Both malloc and mmap are slow at times. It depends mostly on the usage pattern:
The kernel paging subsystem works in page sized units. This means, if you want to read a whole page from a file and want to repeatedly do that(good localization) it will be fine with mmap. Contrary, if you map that 5 Gb file and do scattered access, you'll have the kernel swap pages in and out a lot. In addition to the actual I/O the page management will take some time. If you have concerns about latency, avoid this access pattern, as the Linux page reclaim mechanism tends to be bursty and will cause noticeable lags, and the cache poisoning will slow down other processes.
It is fine when you need memory that's not in page size units. but you cannot do things like mlock() sanely. In terms of I/O the speed is very much dependent on how you do it. fread/fwrite may map pages behind the scenes, or will do buffering in userspace. Localized access will be rather fast. read/write go directly through the kernel, so small distributed accesses will still cause I/O due to cache misses, but the actual data transferred from kernel->userspace will be slightly less. I do not know if that is measurable.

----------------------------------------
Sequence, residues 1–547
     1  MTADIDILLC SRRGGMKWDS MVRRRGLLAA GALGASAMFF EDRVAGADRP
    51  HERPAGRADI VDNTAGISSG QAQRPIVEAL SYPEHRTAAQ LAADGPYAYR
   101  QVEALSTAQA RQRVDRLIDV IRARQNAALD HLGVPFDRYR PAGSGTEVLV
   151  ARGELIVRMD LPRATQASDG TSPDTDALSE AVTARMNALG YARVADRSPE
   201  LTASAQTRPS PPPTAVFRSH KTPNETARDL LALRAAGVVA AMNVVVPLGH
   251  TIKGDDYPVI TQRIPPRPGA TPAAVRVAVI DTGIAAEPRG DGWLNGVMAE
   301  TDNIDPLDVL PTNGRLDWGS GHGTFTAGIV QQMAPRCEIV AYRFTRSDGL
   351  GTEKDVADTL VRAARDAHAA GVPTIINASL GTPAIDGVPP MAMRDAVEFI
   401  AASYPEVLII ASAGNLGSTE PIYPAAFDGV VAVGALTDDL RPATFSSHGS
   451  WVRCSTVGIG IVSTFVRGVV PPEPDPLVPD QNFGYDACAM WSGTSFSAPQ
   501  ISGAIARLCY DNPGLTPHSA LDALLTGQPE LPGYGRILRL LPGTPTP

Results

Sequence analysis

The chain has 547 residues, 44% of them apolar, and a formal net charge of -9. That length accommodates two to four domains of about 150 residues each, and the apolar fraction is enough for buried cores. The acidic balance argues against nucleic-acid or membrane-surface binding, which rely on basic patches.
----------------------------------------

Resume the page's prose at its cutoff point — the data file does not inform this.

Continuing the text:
Unless mlock()'ed, user pages may be swapped out/written back at any time. This takes time, too. So on systems with little memory, the variant that maps the least memory will win. With Linux kernel every system has too little memory as the unused pages are used for caching I/O, and the kernel may take noticeable time to make them available if memory use or I/O is bursty.